Vanilla or Coconut?

Crossing Knipe Moor led to a more good natured dispute.  It was full of gorse in blossom, a glorious sight.  I like the smell of gorse blossom and remarked on how it reminded me of vanilla.  This was denounced as nonsensical although Margaret couldn't quite capture what the powerful scent meant to her.  Eventually she said candles to which I agreed- vanilla scented candles, of course.  Later on the internet I discovered a comment that three out of four people associate gorse blossom perfume with coconut and the remaining quarter with vanilla.  It was claimed that this is genetic and a hereditary trait.  No mention of candles.

More Gorse and the skyline etching the High Street Roman Road

Our turning point was the telephone box at the far end of the moor.  No longer owned by BT, it has no phone but instead it boasts a tomato plant and several items of local information.

The Knipe phone box.....

..... and its explanation

Our Wway then headed down to the river and across on a suspension bridge which, whilst not quite in the Indiana Jones league, was good fun.

The suspension bridge.....

..... in action

We followed the river to Bampton and then took to the road.  

Looking across to Bampton Grange and Knipe Moor

Once again, we were nearly tempted by a pub- this time the Mardale Inn. We passed a Wesleyan Chapel now converted to a dwelling house and for sale, went through the hamlet of Bomby with a commendably tidy farm before leaving the road for the final cross country section.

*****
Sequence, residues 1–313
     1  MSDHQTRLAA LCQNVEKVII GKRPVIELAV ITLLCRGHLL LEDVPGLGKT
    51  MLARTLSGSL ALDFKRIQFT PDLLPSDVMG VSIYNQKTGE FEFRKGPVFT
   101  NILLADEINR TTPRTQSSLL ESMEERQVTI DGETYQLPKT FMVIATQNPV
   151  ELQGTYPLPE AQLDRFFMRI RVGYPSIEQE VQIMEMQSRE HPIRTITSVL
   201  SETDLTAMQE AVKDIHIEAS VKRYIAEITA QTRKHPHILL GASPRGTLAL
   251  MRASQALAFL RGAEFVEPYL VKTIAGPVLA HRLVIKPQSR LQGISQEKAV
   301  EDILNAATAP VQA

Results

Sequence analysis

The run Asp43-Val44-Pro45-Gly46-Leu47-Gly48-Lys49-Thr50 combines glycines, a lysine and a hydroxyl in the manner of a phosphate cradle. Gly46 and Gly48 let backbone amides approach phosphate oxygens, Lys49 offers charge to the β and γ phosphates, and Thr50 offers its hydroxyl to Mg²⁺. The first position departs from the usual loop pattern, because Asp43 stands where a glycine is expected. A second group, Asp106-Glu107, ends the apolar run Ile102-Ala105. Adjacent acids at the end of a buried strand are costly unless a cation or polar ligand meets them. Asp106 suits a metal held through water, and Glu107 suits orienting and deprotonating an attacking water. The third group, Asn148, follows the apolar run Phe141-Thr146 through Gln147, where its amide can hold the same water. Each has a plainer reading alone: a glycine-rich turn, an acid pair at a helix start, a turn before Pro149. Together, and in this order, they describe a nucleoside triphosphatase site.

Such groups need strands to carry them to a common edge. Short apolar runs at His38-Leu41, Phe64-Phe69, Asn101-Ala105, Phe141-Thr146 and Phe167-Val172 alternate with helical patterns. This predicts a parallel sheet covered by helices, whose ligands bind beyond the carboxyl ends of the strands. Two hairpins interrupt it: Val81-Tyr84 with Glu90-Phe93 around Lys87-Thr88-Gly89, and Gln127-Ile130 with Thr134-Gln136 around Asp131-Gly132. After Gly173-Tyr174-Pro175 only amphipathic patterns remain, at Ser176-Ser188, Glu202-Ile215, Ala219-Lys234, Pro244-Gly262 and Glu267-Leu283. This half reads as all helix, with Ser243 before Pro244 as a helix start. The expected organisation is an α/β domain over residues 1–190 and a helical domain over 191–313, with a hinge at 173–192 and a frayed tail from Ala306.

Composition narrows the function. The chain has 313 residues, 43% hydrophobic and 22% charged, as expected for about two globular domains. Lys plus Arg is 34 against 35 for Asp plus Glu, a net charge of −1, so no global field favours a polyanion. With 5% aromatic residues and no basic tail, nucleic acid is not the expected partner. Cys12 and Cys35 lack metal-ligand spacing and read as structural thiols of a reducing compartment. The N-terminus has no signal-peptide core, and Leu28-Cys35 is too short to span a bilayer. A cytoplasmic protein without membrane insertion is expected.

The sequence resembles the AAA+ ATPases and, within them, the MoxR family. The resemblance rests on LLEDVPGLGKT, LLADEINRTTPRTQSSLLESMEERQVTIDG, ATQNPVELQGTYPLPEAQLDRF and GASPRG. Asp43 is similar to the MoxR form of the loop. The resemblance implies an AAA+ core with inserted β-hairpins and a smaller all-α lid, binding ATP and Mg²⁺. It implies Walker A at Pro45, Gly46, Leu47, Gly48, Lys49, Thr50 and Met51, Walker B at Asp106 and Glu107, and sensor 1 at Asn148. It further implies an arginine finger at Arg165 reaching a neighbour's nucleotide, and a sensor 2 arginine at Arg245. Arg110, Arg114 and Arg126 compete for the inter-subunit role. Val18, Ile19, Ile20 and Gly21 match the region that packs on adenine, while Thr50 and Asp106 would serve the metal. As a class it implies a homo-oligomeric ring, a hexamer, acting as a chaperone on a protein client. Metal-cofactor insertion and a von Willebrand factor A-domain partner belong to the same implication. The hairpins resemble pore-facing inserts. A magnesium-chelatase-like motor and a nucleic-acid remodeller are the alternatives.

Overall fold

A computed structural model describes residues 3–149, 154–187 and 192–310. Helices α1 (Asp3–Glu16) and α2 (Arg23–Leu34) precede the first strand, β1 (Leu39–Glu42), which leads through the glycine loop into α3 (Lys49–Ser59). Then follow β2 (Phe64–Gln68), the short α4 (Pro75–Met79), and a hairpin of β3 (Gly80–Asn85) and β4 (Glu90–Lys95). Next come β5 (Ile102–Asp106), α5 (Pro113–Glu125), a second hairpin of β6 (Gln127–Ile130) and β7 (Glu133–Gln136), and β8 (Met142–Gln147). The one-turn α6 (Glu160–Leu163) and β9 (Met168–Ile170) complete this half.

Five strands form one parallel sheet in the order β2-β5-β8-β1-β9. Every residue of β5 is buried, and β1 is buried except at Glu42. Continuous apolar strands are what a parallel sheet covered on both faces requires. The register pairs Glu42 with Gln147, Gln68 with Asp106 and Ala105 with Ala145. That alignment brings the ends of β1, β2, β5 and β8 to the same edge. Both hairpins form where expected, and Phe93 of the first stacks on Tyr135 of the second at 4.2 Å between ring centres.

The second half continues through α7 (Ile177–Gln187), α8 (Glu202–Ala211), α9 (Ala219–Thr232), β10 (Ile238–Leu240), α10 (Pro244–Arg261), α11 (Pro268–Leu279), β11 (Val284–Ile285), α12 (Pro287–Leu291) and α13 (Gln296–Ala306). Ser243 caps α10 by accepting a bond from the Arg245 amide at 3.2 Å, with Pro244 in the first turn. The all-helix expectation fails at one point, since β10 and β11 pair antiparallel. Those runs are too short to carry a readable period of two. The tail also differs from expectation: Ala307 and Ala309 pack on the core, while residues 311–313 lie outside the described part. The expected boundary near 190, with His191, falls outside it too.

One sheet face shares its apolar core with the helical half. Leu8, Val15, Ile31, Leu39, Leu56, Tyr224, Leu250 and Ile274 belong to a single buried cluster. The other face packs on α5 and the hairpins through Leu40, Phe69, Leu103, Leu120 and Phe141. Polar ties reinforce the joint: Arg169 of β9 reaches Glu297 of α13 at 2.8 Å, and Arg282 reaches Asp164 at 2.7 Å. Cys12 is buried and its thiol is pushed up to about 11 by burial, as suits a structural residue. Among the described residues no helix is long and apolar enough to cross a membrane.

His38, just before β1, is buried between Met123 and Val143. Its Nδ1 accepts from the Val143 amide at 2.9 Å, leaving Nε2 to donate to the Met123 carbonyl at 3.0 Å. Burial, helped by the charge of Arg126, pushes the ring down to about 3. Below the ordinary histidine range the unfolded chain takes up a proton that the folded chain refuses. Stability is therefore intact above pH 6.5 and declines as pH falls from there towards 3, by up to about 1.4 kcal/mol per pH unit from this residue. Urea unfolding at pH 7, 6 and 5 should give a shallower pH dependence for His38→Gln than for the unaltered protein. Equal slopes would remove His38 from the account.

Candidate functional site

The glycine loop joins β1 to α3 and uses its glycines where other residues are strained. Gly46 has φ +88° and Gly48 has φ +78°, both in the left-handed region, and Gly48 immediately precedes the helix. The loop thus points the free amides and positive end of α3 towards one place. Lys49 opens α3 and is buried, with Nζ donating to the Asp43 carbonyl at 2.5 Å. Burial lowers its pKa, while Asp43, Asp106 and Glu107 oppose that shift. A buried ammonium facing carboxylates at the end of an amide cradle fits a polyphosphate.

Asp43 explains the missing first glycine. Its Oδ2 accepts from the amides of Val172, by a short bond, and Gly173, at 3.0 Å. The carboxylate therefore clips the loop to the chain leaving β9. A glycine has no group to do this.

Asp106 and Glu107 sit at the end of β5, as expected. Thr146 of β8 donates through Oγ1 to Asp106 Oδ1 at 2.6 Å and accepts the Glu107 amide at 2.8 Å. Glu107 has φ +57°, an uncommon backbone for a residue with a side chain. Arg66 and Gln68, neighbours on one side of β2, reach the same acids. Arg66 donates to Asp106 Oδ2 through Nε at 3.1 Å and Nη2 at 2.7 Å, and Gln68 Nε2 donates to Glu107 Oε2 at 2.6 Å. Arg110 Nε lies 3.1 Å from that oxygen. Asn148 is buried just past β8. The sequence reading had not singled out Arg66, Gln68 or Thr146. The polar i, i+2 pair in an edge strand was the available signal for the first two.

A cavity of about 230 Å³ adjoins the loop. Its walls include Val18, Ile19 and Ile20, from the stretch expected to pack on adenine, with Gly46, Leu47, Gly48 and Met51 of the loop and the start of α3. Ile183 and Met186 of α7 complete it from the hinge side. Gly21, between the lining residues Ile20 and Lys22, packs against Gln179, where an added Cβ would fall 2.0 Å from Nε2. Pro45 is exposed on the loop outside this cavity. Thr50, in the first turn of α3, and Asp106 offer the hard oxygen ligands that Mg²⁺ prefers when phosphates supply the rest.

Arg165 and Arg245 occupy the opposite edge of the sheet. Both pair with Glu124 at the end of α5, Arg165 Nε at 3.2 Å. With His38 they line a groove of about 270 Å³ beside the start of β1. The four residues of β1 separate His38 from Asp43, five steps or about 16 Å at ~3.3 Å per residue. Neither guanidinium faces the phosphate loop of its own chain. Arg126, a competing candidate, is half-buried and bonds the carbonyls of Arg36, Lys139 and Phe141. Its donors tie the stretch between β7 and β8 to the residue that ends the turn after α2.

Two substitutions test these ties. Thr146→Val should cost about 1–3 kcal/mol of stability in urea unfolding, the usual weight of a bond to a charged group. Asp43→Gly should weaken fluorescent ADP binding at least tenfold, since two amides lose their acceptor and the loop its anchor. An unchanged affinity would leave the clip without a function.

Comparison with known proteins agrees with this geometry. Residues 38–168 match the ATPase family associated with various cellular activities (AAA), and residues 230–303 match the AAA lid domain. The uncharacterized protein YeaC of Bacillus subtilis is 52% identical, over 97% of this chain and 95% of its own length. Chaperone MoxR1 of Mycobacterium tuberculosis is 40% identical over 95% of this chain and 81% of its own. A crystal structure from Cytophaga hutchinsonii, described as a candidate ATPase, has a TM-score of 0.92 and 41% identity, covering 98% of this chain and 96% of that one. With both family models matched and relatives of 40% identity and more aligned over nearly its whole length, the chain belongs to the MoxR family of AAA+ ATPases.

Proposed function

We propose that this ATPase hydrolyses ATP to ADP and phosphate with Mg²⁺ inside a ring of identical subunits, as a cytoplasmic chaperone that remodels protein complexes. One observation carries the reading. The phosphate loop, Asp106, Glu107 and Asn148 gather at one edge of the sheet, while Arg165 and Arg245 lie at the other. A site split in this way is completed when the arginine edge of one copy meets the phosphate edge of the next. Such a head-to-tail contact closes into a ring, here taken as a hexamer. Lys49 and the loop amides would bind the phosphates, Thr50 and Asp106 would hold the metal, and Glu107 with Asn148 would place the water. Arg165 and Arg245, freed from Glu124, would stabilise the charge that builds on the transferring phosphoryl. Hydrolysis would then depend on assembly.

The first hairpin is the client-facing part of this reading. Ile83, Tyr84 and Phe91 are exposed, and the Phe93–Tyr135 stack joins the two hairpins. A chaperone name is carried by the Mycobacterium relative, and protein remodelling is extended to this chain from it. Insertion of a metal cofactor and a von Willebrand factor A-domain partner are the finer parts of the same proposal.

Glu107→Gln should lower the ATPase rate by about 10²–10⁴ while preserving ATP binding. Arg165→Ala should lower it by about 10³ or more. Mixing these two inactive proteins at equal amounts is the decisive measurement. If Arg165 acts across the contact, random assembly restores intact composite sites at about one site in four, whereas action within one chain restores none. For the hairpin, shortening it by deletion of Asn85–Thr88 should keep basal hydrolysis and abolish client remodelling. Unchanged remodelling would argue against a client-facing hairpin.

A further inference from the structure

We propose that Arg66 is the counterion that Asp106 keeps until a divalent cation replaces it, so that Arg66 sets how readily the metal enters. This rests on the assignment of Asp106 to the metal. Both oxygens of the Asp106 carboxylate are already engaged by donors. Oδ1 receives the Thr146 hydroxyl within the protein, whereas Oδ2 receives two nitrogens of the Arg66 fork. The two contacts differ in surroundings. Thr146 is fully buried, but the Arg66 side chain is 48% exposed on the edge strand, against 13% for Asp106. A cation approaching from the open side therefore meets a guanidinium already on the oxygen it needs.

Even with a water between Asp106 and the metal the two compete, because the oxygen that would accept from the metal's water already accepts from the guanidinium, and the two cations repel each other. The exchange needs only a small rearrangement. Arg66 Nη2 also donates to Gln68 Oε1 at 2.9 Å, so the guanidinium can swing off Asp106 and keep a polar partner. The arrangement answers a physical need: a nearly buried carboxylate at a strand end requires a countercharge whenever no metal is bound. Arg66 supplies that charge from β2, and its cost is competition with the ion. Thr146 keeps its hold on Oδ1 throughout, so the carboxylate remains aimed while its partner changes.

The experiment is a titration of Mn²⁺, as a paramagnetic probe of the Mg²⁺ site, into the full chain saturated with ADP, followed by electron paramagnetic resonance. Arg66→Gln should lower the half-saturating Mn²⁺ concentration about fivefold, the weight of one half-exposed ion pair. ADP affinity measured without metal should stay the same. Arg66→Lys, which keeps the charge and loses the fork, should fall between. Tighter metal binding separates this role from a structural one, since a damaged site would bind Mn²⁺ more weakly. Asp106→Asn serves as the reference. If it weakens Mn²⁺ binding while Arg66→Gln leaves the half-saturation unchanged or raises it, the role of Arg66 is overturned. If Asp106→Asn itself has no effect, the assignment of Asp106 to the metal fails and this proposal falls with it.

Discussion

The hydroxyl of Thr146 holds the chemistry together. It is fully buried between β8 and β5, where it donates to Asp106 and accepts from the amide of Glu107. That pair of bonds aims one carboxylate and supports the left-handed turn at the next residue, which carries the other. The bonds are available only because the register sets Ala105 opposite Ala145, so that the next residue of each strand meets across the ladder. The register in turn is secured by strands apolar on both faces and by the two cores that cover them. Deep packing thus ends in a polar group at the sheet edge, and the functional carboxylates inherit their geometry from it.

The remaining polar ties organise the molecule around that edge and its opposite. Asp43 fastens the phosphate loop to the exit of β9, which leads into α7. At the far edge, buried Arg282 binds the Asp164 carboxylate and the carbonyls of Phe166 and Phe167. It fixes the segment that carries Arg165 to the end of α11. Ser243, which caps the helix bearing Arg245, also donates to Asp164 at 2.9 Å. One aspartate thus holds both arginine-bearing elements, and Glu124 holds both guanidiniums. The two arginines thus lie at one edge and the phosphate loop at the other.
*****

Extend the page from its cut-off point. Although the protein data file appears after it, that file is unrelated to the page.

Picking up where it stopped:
From the map, I thought this could be a bit of a challenge.  However, it turned out to be part of the Coast to Coast walk and could not have been more clearly waymarked if there had been great big fluorescent signs.  No danger of getting lost.  The path led us over a pack horse bridge, past some sad derelict farm buildings then safely back to Shap Abbey, nestling in the dip down by the river.

Flourescent signage


Packhorse bridge

Shap Abbey and bridge

On the Wway, we saw three of those small etched bronze mentioned in previous reports. I now know that there are eighty four of these scattered around the Eden area and that they are designed to be used for rubbings.  See Rubbings for more information.

Margaret thought that this section was reminiscent of the Dales Way.  Quite right;  similar countryside and a lovely evening stroll.  Why are people so snotty about Shap and its environs?

Don, 5th June 2010





Distance in miles:



Height climbed in feet:






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 These pages log
the progress of
Don and Margaret
along the
Westmorland Way.


 Click on the photos
for an enlargement or related large picture.








to Rutter Falls



Rutter Falls
to Gaythorne Hall



 Gaythorne Hall
to Maulds Meaburn



Maulds Meaburn
to Hardendale



to Shap Abbey



Shap Abbey
to Knipe



to Askham



to Pooley Bridge












The Washing Lines

and other items

as seen by Margaret:





BOOT boys